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Could You Do Your Job in 5 Hours a Day?

Topics: Data & Research
five-hour workday
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Nearly half of employees said that they could do their jobs in five hours a day or less if they were able to work uninterrupted, according to a recent survey from The Workforce Institute at Kronos Incorporated. Pilot programs at companies who’ve experimented with a five-hour workday suggest that they may be right.

Forty-five percent of 3,000 employees in eight countries said that they could do their jobs in five hours or less per day. Nearly three-quarters said that they’d prefer a four-day workweek, if pay remained the same.

Researchers cited what they call “the 40-hour conundrum”: Although 75 percent of full-time employees said that they have enough hours in the day to do their work, 37 percent said that they work more than 40 hours a week. And, 71 percent said that “work interferes with their personal lives.”

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Where Does the Time Go?

Eighty-six percent of respondents said that they waste time on tasks unrelated to their job, while 40 percent said that they “lose an hour-plus each day on administrative tasks that do not drive value for their organization.”

Over half of individual contributors and 28 percent of managers said that their top task is dealing with clients, which is obviously a value driver and core task for many jobs. However, administrative work and responding to emails were top time commitments for both individual contributors and managers. It’s a good bet that some of that time is less than well-spent.

But the catch may be that workers felt that they could get their jobs done in five hours a day … if they were uninterrupted.

“No interruptions? Yet isn’t work all about interruptions?” asked Leanne Hoagland-Smith at The Chicago Tribune. “Phone calls if you are in sales. How about internal communications to verify documents from time cards to purchase requisitions? Then add in those pesky customers who want those questions answered right now, not later.”

Technology also has the potential to distract us from work, as well as to automate mundane tasks to free up time. When’s the last time you were in a meeting where everyone was paying attention to the task at hand, instead of to their phone or tablet or laptop (and possibly their Facebook/Instagram/Twitter)?

Researchers cited what they call “the 40-hour conundrum”: Although 75 percent of full-time employees said that they have enough hours in the day to do their work, 37 percent said that they work more than 40 hours a week.Click To Tweet

Companies Where a Five-Hour Workday Is the Norm

“Work is everywhere — there are no limits now,” said Dan Schawbel, research director at Future Workplace, in an interview with Money. “Your job is about the work you do, and less about your location, and the time you spend doing it. That will play out in the coming years.”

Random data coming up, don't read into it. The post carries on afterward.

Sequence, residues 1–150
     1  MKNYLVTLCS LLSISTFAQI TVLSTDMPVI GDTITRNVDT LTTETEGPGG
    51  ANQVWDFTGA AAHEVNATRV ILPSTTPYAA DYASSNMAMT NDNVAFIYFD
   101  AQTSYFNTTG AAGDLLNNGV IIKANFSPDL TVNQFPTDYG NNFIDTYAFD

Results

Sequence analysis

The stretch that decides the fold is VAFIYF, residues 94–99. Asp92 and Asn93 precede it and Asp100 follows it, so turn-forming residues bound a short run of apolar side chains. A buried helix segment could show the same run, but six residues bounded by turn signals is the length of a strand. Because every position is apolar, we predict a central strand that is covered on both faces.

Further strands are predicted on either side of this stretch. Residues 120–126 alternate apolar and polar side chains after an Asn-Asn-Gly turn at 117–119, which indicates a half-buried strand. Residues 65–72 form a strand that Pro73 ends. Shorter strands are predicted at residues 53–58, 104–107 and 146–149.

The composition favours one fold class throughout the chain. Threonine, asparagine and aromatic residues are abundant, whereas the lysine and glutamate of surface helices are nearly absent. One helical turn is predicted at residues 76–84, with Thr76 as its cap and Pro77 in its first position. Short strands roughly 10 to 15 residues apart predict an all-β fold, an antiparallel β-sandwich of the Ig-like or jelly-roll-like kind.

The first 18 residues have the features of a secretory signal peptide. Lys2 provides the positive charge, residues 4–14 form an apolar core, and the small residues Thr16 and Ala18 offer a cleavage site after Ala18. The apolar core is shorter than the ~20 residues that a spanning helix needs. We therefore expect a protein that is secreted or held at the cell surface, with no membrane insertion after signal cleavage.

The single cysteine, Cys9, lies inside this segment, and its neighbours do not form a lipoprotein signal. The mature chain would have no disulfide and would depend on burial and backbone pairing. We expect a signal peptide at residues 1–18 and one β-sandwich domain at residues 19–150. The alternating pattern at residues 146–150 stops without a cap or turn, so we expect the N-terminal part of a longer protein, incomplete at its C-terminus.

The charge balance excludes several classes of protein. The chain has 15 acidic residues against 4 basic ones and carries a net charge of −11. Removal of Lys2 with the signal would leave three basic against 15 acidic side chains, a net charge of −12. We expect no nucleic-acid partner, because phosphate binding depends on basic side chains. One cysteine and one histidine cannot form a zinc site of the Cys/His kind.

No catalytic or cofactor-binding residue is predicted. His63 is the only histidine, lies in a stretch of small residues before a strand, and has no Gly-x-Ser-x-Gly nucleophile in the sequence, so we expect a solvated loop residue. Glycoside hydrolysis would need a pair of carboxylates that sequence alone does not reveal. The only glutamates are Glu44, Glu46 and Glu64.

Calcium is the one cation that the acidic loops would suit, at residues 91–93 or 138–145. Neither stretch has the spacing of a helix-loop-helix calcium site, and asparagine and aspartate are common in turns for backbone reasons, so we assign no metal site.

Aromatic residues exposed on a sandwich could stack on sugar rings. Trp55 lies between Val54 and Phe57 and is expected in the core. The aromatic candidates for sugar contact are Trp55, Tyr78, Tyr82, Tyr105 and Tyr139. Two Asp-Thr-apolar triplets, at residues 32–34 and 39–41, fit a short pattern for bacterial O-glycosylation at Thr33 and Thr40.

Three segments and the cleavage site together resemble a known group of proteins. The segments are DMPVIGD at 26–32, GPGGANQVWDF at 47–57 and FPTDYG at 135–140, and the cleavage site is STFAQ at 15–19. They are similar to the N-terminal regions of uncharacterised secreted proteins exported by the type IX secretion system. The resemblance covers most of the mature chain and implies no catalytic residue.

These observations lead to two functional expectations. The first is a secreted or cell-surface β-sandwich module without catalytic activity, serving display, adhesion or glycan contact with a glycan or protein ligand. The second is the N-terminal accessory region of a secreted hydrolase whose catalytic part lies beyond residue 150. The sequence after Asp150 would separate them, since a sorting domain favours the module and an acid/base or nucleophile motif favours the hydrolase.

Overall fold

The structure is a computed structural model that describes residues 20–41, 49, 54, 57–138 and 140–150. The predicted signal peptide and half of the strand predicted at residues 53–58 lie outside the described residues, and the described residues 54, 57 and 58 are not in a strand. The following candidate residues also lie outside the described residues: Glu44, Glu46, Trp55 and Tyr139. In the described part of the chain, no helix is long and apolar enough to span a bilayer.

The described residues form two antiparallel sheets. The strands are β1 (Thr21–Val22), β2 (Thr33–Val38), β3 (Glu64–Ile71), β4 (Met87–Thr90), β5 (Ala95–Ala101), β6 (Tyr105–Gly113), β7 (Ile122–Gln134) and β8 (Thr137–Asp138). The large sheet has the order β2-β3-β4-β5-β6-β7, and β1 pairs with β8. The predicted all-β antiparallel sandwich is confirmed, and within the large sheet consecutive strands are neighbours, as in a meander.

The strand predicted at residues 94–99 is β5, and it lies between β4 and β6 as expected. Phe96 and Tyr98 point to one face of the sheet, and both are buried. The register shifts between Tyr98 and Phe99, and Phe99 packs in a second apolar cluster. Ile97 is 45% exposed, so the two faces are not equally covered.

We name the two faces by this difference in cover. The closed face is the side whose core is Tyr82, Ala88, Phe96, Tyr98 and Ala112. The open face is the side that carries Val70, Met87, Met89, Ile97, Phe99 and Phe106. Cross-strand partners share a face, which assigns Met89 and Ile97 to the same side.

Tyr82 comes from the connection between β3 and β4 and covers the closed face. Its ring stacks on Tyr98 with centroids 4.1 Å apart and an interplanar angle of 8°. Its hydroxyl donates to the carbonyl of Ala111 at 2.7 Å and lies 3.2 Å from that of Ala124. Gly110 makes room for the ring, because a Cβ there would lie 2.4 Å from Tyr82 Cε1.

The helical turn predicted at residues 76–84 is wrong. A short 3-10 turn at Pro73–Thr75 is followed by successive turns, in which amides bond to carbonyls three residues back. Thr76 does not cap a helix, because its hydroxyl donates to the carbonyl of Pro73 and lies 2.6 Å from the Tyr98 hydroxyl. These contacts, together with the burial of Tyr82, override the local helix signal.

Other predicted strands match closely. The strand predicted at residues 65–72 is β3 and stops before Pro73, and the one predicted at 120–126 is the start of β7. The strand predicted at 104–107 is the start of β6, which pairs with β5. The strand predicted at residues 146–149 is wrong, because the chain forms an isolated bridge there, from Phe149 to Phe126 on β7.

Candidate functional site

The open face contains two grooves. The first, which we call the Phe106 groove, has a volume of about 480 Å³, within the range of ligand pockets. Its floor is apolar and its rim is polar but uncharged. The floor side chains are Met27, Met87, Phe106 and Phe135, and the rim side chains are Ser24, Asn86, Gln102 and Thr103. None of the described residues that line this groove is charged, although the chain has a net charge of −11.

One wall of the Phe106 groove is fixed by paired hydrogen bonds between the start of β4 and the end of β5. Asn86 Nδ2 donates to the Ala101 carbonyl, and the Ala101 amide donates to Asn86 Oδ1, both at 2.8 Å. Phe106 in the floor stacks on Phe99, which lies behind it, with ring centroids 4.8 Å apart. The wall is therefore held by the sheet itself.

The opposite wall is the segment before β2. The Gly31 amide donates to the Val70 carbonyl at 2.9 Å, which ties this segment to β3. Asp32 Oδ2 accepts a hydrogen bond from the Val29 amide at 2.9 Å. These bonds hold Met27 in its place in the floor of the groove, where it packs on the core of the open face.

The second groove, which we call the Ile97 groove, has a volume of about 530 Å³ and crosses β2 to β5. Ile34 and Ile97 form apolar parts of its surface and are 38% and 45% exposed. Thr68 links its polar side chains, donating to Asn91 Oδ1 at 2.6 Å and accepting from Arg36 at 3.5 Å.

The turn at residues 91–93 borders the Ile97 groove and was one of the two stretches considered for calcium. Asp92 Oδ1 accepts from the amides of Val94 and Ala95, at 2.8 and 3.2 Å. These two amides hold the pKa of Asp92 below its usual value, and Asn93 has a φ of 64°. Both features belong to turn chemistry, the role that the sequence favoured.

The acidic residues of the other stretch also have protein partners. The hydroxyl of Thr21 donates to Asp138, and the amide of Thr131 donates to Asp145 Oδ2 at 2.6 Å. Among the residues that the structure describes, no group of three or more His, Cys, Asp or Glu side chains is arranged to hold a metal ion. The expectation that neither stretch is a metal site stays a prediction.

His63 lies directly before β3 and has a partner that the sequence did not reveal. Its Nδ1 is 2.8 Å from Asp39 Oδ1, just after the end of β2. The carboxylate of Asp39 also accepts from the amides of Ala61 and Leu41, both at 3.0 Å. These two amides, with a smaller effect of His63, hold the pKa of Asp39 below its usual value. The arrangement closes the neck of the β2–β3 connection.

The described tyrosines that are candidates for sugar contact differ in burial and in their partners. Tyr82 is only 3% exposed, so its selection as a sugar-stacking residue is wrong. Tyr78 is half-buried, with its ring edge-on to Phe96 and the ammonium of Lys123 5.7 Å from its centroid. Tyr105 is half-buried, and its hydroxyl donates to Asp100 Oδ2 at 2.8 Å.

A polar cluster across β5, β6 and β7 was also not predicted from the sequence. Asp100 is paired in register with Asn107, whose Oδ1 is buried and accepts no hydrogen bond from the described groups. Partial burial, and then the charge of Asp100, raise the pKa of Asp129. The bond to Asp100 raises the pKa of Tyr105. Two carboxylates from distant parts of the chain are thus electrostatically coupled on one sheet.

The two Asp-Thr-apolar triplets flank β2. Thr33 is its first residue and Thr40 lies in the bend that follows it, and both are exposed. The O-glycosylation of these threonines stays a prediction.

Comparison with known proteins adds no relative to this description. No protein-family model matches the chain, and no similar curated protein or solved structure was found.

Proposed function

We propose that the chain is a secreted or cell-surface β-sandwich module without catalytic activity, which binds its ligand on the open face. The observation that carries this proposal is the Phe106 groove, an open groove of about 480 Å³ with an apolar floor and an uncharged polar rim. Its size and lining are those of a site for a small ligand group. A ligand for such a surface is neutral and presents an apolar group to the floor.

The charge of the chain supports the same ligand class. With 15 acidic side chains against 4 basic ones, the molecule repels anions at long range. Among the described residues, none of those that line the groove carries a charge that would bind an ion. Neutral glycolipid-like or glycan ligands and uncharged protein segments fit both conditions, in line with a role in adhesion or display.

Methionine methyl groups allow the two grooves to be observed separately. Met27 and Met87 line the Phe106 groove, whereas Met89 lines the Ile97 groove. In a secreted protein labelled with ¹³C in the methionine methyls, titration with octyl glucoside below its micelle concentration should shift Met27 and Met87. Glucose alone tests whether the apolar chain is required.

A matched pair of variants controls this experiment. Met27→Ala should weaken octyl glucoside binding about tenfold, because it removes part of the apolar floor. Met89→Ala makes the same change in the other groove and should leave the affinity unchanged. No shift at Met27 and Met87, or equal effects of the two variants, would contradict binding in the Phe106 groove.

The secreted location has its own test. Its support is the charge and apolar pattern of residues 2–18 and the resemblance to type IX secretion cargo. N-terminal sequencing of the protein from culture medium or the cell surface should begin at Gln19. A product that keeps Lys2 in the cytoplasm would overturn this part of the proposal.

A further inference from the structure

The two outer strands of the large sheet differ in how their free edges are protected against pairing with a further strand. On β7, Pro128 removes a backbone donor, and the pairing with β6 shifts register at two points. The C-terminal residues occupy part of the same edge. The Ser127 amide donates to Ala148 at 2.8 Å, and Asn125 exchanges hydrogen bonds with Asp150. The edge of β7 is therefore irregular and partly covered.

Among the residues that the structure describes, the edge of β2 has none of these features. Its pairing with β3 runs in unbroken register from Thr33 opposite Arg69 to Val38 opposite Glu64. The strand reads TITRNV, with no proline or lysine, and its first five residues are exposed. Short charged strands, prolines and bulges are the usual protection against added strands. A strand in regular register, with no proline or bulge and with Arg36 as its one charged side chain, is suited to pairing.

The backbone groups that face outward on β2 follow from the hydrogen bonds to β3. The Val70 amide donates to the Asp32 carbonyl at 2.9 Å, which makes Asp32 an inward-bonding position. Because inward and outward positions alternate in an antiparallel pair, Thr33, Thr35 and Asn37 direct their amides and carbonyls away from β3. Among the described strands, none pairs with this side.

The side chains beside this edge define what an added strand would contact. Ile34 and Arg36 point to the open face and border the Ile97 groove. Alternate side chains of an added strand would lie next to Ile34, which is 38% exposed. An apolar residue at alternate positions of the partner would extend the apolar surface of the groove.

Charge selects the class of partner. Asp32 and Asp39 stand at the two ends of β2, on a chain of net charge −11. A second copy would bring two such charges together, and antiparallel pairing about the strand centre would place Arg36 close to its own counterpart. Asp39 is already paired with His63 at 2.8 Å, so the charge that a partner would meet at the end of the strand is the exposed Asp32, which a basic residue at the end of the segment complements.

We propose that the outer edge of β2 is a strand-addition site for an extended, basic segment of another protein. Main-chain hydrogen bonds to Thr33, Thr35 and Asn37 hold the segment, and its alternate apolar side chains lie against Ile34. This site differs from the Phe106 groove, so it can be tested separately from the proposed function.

Several companies have experimented with reduced schedule, either a shorter workday or a four-day workweek. Money offered the example of Perpetual Garden, a New Zealand-based estate planning firm, which offered its employees a four-day workweek. The result? More productivity, not less, thanks to less wasted time in meetings and casual conversation.

An Australian financial services firm called Collins SBA experimented with a five-hour workday last year, and it “worked so well to date that there are no plans to end it,” said Claudia Parsons, the firm’s operations director, in an interview with Financial Times.

“Sick days have plunged. Talented recruits have been hired. Some advisers have done record levels of new business. Clients did not mind waiting a few hours to see an adviser. The firm’s bottom line seems unaffected,” wrote Pilita Clark at FT.

Could You Make a Five-Hour Workday Work?

Companies that have successfully switched to a shorter workday or workweek seem to have one thing in common: they’ve put the emphasis on production rather than face-time.

At Fast Company, Stephan Aarstol, CEO and founder of Tower Paddle Boards, a beach lifestyle company that piloted a five-hour workday, explained the bargain he made with his team:

In exchange, though, I had a big ask: I needed each of my team members to be twice as productive as the average worker. We had a high bar of productivity to clear before this, and that didn’t change. I told them they just needed to figure out how to do it all in just five hours now–but there’d be support: we’d all need to figure it out and were in this together. If anybody couldn’t, though, they’d be fired. The pressure was real, but so was the incentive to meet the challenge; their workweek had suddenly become better than many people’s vacation weeks.

Aarstol described the results as “astonishing.” Their annual revenues increased 40 percent and the company made the Inc 5,000 list of America’s fastest growing companies.

So, if you can convince your employer to try a similar experiment, your first job is to figure out what parts of your job aren’t really necessary. That might mean shorter meetings, less watercooler chitchat or increasingly automated administrative work. It will definitely mean doing your part by staying off your social media and putting your head down while you’re at the office.

The increased focus and pace would be worth it, though. As Aarstol wrote at Business Insider, “…when you can leave the office at 1 p.m. to go surfing or pick your kids up from school, work isn’t separate from life; it’s all just living.”

Tell Us What You Think

What’s your ideal work schedule? We want to hear from you. Share your thoughts in the comments or join the conversation on Twitter.

Jen Hubley Luckwaldt
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